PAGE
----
Emory Report

Mar. 22, 1999

 Volume 51, No. 24

Guest instructors bring centuries-old art, Noh, to Emory Quad

On March 25 the Quadrangle will become an outdoor stage for Kurozuka, a Japanese theater performance. Emory history professor Mark Ravina describes Kurozuka as "a medieval tale of pilgrimage, murder, cannibalism and demonic possession with a brief, comic interlude."

Seventeen student performers have been trained at Emory for this presentation of Noh, a classical form of Japanese drama. Their instructors are longtime collaborators, visiting professor Richard Emmert and actor Akira Matsui.

Said Asian studies major and Kurozuka chorus member Victoria McCready, "It's been quite a learning experience to study with Emmert-sensei. He has a long history with Japanese theater. Before, when I thought of Japanese theater, [I only pictured] people with white face paint dancing around (Kabuki). Noh is nothing like that."

Courtney King, who majors in French and minors in dance, said she was drawn to the class by research for her honors thesis. "My dance experience helps in my role as a demoness who expresses herself more through abstract movement than through the spoken word." Each of the student performers have tackled the challenge of learning their lines in Japanese and adapting natural movements to stylistic gestures.

Emmert recognizes the magnitude of their task. "In Japan people spend a lifetime building to a full performance. Here, in a limited period of time, we are trying to get students to be as Noh-like as possible," he said. "It's a chance for them to have a completely different experience with theater and with what can be done on stage. In actual practice they may discover that less is more. They learn to concentrate on the heart of the performance."

An American, Emmert has studied, taught and performed classical Noh drama in Japan since 1973. He is a certified Kita School Noh instructor--the Kita School being one of five guilds of principal-role actors in Japan. Emmert's special focus is movement and music, and in Tokyo he teaches Asian theater and music at Musashino Women's College and coordinates an ongoing Noh training project for English speakers.

In addition to instructing the Emory class in Noh performance, Emmert is team-teaching a course on Noh in the broader context of Japanese culture with professors from Oglethorpe University and Agnes Scott, Emory and Smith colleges, who are presenting lectures on Japanese shamanism, masks, Kabuki theater, history and print culture. The special course also involves acting and music classes and visits to the Carlos Museum's current exhibition of Noh theater prints.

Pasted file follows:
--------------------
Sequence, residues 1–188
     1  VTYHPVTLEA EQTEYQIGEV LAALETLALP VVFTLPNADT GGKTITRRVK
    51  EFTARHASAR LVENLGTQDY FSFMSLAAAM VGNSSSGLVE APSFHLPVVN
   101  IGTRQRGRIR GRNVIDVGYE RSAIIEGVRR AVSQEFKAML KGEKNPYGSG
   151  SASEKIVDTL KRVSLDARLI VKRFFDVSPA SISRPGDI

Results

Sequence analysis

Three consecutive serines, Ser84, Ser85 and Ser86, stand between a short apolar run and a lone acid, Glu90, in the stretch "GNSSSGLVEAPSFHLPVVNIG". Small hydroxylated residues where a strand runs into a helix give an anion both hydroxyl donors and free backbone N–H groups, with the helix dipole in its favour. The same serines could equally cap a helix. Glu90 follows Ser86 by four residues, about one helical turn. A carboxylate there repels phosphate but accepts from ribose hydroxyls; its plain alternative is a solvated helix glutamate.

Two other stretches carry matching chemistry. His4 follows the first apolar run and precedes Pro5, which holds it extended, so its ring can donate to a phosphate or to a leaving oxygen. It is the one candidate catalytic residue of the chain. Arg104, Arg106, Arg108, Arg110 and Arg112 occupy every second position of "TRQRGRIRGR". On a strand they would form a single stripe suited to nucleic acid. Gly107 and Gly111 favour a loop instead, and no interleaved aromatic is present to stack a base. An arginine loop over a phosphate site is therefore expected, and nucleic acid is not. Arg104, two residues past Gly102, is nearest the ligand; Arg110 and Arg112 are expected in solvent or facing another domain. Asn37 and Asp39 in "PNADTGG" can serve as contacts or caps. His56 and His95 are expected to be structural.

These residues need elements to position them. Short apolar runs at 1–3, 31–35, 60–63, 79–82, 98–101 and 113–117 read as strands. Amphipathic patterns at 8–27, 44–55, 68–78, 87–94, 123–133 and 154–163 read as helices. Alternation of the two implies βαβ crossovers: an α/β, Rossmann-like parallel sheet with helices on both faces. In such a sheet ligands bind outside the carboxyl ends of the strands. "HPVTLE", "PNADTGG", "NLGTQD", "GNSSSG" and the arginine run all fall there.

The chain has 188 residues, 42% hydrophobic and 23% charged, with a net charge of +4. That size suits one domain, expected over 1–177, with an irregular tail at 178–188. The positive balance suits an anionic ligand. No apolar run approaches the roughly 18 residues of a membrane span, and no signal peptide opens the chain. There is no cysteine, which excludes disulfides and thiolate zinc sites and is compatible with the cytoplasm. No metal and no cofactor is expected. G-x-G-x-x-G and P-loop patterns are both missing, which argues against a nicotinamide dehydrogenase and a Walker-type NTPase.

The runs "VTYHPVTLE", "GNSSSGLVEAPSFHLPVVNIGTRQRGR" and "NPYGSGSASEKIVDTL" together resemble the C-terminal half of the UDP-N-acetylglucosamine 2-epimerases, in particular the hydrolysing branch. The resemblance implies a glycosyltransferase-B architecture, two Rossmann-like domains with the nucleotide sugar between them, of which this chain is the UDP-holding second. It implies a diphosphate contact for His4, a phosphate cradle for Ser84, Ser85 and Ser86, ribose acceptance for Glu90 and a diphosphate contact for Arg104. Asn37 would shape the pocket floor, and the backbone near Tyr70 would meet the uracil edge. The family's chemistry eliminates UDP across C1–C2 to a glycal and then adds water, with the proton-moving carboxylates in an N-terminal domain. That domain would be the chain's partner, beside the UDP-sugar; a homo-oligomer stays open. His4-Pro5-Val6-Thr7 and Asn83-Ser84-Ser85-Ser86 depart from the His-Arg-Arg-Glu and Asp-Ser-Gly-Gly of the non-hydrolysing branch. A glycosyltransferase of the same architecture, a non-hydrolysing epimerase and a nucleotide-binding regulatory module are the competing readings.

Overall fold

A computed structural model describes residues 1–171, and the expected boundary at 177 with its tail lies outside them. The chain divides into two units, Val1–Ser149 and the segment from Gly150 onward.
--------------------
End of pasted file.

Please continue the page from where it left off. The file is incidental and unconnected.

Emmert's counterpart, Akira Matsui, is a master actor-teacher of the Kita School. Born in 1946 in Wakayama, Japan, he began studying Noh at age 7. He showed such talent that by age 12 he had become a live-in apprentice to Kita Minoru, a 15th-generation Noh master of the Kita School. Eight years later Matsui himself had become a master of Noh dance and chant. Since then he has been performing and teaching Noh drama throughout Japan and abroad.

Going beyond his intensely traditional theater work, Matsui has experimented with intercultural fusions to the genre. Together with Emmert, he has created a series of "English Noh" plays including St. Francis, At the Hawk's Well and Eliza. In addition, he has choreographed Noh-style dances to jazz ballads and to poetry by T.S. Eliot. In 1998 he was designated a Mukei Bunka-zai-"important intangible cultural asset"-by the Japanese government.

Emory's dramatic presentation of Kurozuka is scheduled for 6 p.m. both Thursday, March 25, and Friday, March 26. Saturday evening the Noh theater project will present excerpts from the performance as part of Emory's International Cultural Festival. All three events are free, and no tickets are required.

For more information about Noh theater and to see rehearsals in progress, visit the project web site at <http:/ www.emory.edu/COLLEGE/NOH/>.

--Cathy Byrd

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